Kimberly Hellerich

Grade 11 English Teacher

Two defining moments in high school helped Dr. Kimberly Hellerich decide to go into teaching. Neither of those moments were happy. Both of them involved painful loss. The first moment involved a friend she made at camp who died in a car accident the summer before Hellerich’s freshman year.

“It was pretty traumatizing,” Hellerich, an 11th grade English teacher at East Windsor High School, recalled. “I never remembered losing someone my age and I really struggled with that.”

She said her struggle showed up in her ninth grade English class during a lesson on poetry.

“I can’t remember the exact poem,” Hellerich said, “it was something happy, go lucky but I just kept reading death and negativity into everything.”

Her classmates, unaware of her internal pain, laughed at her misreading of the poem. And so did her teacher. It’s something she never forgets.

The second moment was when a teacher carelessly expressed a loss of faith in Hellerich’s ability to learn during her junior year.

“I’m a language person,” she said. “I worked really hard [in math] because I knew it was really hard for me.”

Hellerich said she’d stepped into the central office area of her high school math department suite when she overheard her teacher tell another teacher: “Kim is not going to amount to anything in life.”

She walked into her teacher’s office, looked her in the eye and said, “Here is my work.”

Hellerich didn’t immediately have her sights set on being an educator when she went off to college. She didn’t set out to prove anyone wrong. In fact, she started off wanting to be a lawyer. But once she decided education was her passion there was no turning back for her.

Though one teacher had laughed at her and another had written her off, Hellerich had fallen in love with the profession while student-teaching in the topsy turvy world of middle school. 

“It’s just the worst time in everybody’s life because it’s so tumultuous,” she said of middle school. “But entering a classroom  it felt like that was my home.” 

She spent a decade teaching in the middle grades before completing her sixth year degree in educational leadership and becoming an assistant middle school principal. After three years as an assistant principal, she ascended to the position of principal at East Windsor Middle School where she stayed for eight years. During her last year as principal she decided to pursue a doctorate in a three-year accelerated program at New England College. That decision ultimately led her back to the classroom, specifically to teach first 9th grade and now 11th grade English at East Windsor High School.

Hellerich decided early in her teaching career that she would be the teacher that she never had. She wouldn’t pretend she knew it all because she’s an adult. She wanted to know what her students thought. She let their feedback influence how she taught. She wanted to know if she was giving them what they needed to succeed. She wanted her students to trust her in a way that she hadn’t trusted her own teachers. 

Returning to the classroom, honestly, was the best thing I could have done for myself. Not just for my research study but for me to understand what’s truly important.

Kimberly Hellerich

“For me, my take is, having an authentic, trust-based relationship is so important for not only K-12 but for the graduate level, K-20,” added Hellerich, who said she sees herself ultimately teaching at the collegiate level and helping to shape future teachers and school building leaders. “I think that’s what all learners need to have with instructors and teachers."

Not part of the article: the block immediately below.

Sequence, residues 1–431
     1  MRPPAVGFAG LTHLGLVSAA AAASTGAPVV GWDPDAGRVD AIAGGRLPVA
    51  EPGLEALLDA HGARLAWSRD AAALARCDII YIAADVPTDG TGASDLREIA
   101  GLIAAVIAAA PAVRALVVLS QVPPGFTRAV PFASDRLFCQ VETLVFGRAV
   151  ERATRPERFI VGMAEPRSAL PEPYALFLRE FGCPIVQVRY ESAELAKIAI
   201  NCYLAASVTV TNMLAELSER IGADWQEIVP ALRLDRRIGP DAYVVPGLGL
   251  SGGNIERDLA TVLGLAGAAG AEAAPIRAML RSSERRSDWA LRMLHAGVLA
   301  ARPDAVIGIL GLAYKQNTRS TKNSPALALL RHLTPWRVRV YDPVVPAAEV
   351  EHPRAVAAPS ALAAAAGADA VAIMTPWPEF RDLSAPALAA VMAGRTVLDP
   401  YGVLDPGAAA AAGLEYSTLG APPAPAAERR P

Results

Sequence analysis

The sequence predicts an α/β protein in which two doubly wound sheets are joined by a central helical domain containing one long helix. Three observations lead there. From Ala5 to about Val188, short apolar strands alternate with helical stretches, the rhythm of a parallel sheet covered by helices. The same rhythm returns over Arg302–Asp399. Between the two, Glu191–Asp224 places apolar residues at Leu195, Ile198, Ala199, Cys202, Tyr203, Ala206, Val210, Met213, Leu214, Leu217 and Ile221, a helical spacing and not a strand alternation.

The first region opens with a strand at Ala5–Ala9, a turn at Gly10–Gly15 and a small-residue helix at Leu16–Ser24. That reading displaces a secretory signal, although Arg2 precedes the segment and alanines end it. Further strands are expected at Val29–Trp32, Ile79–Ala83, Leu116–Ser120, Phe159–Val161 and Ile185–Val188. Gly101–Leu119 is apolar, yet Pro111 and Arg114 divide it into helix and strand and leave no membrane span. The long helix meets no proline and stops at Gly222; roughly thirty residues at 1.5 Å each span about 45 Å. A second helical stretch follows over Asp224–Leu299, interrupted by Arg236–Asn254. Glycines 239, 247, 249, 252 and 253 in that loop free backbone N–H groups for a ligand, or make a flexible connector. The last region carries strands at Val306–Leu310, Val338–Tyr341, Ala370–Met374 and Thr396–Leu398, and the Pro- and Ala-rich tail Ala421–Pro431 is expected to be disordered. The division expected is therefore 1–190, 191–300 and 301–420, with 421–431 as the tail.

Staff, parents and students in East Windsor knew her as a principal but none of them had seen her teach when she first returned to the classroom. Hellerich was confident in her teaching skills, but she prepared for skepticism. She worked to build trust and found support that she said she wasn’t certain she could have gotten anywhere else but in East Windsor. She also found new learning and research partners in her students.

She and nine of her students created a student-led participatory action research project where they studied the effectiveness of multiple teaching strategies over six months. They collected and analyzed both quantitative and qualitative data that ultimately culminated in them co-authoring a self-published paper with Hellerich.

Before the global pandemic closed schools last year, the students got to present their research and recommendations to the entire East Windsor High School staff. Hellerich said she did nothing more than introduce them, and then stood back like a proud parent and watched them knock the staff’s socks off.

“I knew with the strong relationship and scaffolded support that I provided them that they had the competency to reach that higher level of expectation,” she said. “They actually surpassed my expectations. At the end of the whole presentation I choked up.”

“I’ve known these students since most of them were 10,” she added. “For them to now stand in front of their teachers and say, ‘Here’s what I found to be very successful for our group of students,’ it was amazing.”

Hellerich said she jumped at the chance to teach 11th grade English last year when another teacher retired partly because she knew she’d get to work with these same students again. Students who often let her know that they appreciate her willingness to listen to what they have to say and respect their feedback enough to incorporate it in how she teaches. They also appreciate her willingness to be vulnerable with them.

I’m glad my students have not had the same experiences I had. I’m glad the students who have had me are getting something they need based on what they need, not based on what I think as the adult.

Kimberly Hellerich